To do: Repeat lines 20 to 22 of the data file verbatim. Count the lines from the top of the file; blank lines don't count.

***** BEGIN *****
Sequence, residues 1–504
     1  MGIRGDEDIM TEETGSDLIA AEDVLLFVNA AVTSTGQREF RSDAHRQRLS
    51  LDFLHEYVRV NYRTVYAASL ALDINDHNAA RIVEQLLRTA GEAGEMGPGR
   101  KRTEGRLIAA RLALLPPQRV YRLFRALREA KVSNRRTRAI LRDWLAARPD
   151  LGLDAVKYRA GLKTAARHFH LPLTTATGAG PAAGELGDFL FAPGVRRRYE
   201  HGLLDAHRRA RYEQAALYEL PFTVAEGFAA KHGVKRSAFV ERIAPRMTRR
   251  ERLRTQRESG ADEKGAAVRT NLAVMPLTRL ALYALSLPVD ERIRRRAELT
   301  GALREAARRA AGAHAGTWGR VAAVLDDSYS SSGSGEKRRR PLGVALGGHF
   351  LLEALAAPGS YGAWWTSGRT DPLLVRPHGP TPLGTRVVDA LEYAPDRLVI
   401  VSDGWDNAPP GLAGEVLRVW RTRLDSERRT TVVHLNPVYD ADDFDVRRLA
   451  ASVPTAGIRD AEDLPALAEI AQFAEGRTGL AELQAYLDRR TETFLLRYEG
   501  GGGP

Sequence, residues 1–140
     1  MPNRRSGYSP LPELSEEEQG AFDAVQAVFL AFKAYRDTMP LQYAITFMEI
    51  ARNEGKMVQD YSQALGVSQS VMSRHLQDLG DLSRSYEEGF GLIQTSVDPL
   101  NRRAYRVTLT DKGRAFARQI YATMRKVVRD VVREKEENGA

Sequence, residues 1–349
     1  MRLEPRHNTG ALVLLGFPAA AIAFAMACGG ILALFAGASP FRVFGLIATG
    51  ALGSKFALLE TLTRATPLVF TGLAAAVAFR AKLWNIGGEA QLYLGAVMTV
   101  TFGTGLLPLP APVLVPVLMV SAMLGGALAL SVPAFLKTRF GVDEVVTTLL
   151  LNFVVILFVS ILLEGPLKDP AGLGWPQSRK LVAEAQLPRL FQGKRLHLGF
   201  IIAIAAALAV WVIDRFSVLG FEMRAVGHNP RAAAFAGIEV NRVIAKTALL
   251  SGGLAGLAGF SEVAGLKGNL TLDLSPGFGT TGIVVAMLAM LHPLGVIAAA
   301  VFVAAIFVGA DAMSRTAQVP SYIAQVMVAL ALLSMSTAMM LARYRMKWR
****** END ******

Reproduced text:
   101  TFGTGLLPLP APVLVPVLMV SAMLGGALAL SVPAFLKTRF GVDEVVTTLL
   151  LNFVVILFVS ILLEGPLKDP AGLGWPQSRK LVAEAQLPRL FQGKRLHLGF
   201  IIAIAAALAV WVIDRFSVLG FEMRAVGHNP RAAAFAGIEV NRVIAKTALL